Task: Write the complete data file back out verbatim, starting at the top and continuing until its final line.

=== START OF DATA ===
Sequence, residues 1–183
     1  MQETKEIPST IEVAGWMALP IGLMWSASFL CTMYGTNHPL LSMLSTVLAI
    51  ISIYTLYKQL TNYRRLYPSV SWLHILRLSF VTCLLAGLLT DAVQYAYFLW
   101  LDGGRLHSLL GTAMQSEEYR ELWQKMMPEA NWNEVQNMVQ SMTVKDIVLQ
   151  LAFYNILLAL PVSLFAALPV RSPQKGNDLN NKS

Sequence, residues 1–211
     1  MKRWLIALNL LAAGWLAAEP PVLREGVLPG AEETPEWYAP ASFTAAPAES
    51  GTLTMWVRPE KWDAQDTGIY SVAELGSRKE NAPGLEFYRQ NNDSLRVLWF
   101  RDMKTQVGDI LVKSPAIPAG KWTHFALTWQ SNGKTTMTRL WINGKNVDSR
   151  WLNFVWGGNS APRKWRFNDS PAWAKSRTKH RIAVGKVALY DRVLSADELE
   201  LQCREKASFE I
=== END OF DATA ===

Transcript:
Sequence, residues 1–183
     1  MQETKEIPST IEVAGWMALP IGLMWSASFL CTMYGTNHPL LSMLSTVLAI
    51  ISIYTLYKQL TNYRRLYPSV SWLHILRLSF VTCLLAGLLT DAVQYAYFLW
   101  LDGGRLHSLL GTAMQSEEYR ELWQKMMPEA NWNEVQNMVQ SMTVKDIVLQ
   151  LAFYNILLAL PVSLFAALPV RSPQKGNDLN NKS

Sequence, residues 1–211
     1  MKRWLIALNL LAAGWLAAEP PVLREGVLPG AEETPEWYAP ASFTAAPAES
    51  GTLTMWVRPE KWDAQDTGIY SVAELGSRKE NAPGLEFYRQ NNDSLRVLWF
   101  RDMKTQVGDI LVKSPAIPAG KWTHFALTWQ SNGKTTMTRL WINGKNVDSR
   151  WLNFVWGGNS APRKWRFNDS PAWAKSRTKH RIAVGKVALY DRVLSADELE
   201  LQCREKASFE I